This is an excerpt from a fictitious book by Sebastian Knight. Chapter 10, "The Real Life of Sebastian Knight"- Vladimir Nabokov. 
The similarity between Sebastian Knight and Seymour Glass is indeed striking. 






























I'm currently reading this book. 
Yesterday whilst walking on Karl Johans gate with my mom and looking at passers-by, I was attracted to a bookstore and came in. It had loads of books. And it's not just the number of books, but the way the books were put on the shelves and the shelves were put beside each other that overwhelmed me really, and I was filled with joy, immense joy, especially when I, to my surprise, found 1 of the 3 books that I had been thinking and talking of buying, "Raise High the Roof Beam, Carpenters and Seymour: An Introduction" by J. D. Salinger (since reading it last year, I have always wanted to own it), I was, literally, ecstatically happy, and remained so for the rest of the day. 









Edit- 8/8/2012: 
Another passage in the book: 
"...Time and space were to him measures of the same eternity, so that the very idea of his reacting in any special "modern" way to what Mr Goodman calls "the atmosphere of postwar Europe" is utterly preposterous. He was intermittently happy and uncomfortable in the world into which he came, just as a traveller may be exhilarated by visions of his voyage and be almost simultaneously sea-sick. Whatever age Sebastian might have been born in, he would have been equally amused and unhappy, joyful and apprehensive, as a child at a pantomime now and then thinking of tomorrow's dentist. And the reason of his discomfort was not that he was moral in an immoral age, or immoral in a moral one, neither was it that cramped feeling of his youth not blowing naturally enough in a world which was too rapid a succession of funerals and fireworks; it was simply his becoming aware that the rhythm of his inner being was so much richer than that of other souls..."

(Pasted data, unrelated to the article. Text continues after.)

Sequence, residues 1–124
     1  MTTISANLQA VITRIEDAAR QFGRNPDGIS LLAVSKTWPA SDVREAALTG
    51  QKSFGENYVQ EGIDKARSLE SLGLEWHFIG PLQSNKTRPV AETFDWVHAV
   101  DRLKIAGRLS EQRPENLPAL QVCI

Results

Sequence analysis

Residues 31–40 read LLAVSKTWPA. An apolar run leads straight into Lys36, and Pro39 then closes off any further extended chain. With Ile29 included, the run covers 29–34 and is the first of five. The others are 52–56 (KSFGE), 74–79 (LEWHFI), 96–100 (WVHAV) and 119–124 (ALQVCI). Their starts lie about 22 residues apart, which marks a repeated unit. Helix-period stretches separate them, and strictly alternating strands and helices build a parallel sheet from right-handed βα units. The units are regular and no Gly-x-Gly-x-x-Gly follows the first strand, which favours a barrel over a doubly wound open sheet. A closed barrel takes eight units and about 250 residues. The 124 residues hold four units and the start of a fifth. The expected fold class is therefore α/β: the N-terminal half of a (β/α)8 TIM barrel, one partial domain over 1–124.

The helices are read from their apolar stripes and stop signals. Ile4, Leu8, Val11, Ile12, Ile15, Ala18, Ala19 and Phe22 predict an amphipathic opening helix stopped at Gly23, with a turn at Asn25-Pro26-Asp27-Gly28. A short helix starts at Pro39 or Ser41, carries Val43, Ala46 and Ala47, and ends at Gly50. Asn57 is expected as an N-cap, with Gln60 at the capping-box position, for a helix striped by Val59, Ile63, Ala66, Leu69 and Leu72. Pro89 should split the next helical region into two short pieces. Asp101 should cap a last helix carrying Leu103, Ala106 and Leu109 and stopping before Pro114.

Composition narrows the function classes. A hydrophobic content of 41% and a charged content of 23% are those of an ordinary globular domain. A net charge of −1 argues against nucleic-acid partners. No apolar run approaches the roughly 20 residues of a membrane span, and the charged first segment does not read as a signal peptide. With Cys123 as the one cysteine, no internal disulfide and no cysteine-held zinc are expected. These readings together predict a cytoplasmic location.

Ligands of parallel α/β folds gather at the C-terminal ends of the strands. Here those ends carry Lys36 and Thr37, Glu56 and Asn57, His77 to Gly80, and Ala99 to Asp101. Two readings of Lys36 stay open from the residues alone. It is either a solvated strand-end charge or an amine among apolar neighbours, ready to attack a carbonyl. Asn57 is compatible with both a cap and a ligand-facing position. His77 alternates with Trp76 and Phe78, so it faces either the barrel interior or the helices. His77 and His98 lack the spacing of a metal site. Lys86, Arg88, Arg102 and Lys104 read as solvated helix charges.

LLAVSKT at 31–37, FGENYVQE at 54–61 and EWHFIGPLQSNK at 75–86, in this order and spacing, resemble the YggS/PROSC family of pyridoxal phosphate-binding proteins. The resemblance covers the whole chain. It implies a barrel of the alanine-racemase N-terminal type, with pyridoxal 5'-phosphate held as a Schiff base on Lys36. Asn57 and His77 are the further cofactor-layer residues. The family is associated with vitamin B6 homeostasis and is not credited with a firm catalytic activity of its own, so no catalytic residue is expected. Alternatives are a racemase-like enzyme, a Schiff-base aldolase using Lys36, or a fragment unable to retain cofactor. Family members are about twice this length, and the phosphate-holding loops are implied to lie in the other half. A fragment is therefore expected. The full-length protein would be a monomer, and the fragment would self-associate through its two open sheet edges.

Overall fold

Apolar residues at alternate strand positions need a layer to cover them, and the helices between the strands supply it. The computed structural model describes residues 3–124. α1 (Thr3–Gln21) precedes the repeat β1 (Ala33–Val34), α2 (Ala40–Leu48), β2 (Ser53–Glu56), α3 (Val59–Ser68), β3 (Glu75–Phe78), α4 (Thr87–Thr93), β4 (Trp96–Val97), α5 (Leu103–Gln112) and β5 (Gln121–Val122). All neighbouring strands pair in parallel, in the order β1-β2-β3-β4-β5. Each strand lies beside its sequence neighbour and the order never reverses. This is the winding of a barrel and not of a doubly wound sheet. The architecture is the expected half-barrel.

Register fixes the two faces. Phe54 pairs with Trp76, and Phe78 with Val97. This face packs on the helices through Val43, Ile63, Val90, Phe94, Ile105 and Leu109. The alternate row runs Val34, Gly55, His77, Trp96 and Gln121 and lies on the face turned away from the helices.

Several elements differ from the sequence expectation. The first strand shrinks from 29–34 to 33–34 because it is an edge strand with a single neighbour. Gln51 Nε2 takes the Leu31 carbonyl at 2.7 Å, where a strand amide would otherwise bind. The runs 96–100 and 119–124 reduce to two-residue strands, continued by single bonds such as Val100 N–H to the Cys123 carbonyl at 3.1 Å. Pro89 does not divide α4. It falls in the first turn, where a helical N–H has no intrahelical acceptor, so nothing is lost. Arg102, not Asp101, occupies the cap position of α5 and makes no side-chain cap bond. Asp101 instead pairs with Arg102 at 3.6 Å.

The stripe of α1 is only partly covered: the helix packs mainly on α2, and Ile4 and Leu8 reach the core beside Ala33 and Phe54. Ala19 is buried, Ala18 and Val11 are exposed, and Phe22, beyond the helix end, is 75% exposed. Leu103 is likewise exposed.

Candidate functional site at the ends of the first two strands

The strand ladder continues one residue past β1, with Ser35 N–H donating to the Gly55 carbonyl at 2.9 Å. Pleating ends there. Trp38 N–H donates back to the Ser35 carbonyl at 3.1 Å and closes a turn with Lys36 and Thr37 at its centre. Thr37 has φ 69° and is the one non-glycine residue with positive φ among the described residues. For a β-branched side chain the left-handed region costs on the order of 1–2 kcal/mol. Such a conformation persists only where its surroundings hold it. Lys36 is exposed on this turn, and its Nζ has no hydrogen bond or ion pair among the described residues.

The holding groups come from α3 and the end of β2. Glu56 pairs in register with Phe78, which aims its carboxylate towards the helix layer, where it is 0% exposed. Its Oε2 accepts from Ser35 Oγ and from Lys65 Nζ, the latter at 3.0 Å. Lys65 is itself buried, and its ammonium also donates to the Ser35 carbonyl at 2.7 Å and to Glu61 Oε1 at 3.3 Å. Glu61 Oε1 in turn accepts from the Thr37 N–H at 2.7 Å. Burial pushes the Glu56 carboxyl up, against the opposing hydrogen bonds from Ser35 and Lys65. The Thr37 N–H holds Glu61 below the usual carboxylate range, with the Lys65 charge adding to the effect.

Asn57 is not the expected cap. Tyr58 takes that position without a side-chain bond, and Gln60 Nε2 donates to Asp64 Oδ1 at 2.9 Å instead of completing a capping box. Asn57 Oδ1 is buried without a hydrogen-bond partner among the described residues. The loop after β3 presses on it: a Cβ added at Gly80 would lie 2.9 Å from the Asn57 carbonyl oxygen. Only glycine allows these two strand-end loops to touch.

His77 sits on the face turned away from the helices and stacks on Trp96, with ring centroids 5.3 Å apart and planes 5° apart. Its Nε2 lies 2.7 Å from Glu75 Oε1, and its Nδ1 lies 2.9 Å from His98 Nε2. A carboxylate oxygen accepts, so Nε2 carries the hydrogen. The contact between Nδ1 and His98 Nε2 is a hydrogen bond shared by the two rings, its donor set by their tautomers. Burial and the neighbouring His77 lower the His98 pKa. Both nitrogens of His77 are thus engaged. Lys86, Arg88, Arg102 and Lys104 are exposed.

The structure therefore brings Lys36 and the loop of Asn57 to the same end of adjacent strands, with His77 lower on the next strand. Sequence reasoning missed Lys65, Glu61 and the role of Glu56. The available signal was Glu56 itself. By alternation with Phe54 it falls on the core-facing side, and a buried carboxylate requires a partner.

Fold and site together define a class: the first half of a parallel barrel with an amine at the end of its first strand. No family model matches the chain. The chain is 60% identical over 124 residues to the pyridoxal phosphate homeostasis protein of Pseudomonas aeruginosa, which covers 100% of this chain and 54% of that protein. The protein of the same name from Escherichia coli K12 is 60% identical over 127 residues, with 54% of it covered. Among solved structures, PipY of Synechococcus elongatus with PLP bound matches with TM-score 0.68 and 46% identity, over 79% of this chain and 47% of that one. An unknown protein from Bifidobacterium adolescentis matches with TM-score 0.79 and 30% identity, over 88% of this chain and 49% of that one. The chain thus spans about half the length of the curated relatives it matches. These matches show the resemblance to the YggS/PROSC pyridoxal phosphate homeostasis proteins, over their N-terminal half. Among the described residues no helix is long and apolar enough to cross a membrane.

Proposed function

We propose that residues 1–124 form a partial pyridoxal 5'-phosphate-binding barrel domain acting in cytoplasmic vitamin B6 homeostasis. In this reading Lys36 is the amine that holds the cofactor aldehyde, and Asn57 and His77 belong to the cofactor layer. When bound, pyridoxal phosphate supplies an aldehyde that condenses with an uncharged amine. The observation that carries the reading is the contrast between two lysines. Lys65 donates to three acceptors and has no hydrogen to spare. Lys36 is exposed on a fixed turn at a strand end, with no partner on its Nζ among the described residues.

Doesn't that sound exactly like Buddy talking of his brother Seymour- the poet, the true artist, the seer? 

I finished the book last night, and no need to say, I love it, and Vladimir Nabokov is indeed a monster and a master. 










Edit- 10/8/2012: 
Milena Jesenska, on Kafka: 

“He was shy, timid, gentle, and kind, but he wrote gruesome and painful books. He saw the world as full of invisible demons, who tear apart and destroy defenseless people. He was too clear-sighted and too wise to be able to live; he was too weak to fight, he had that weakness of noble, beautiful people who are not able to do battle against the fear of misunderstandings, unkindness, or intellectual lies. Such persons know beforehand that they are powerless and go down in defeat in such a way that they shame the victor. He knew people as only people of great sensitivity are able to know them, as somebody who is alone and sees people almost prophetically, from one flash of a face. He knew the world in a deep and extraordinary manner. He was himself a deep and extraordinary world.”
"We are all capable of living, because at one time or another we have taken refuge in a lie, in blindness, enthusiasm, optimism, a conviction, pessimism, or something else. But has never fled to any refuge, not one. He is absolutely incapable of lying, just as he is incapable of getting drunk. He lacks even the smallest refuge; he has no shelter. That is why he is exposed to everything we are protected from. He is like a naked man among the dressed."